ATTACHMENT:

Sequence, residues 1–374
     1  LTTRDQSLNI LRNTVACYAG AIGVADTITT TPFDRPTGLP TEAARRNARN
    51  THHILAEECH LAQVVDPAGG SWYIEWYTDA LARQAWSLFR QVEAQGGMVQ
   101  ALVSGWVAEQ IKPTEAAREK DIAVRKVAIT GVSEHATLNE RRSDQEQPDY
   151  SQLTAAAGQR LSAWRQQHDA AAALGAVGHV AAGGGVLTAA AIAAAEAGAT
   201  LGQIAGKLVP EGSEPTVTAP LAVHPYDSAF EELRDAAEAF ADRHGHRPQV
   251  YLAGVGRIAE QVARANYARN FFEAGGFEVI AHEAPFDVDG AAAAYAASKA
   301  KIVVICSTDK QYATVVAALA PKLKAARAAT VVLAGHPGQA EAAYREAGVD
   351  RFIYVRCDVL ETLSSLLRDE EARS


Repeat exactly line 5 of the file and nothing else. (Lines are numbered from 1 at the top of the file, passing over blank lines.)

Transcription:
   151  SQLTAAAGQR LSAWRQQHDA AAALGAVGHV AAGGGVLTAA AIAAAEAGAT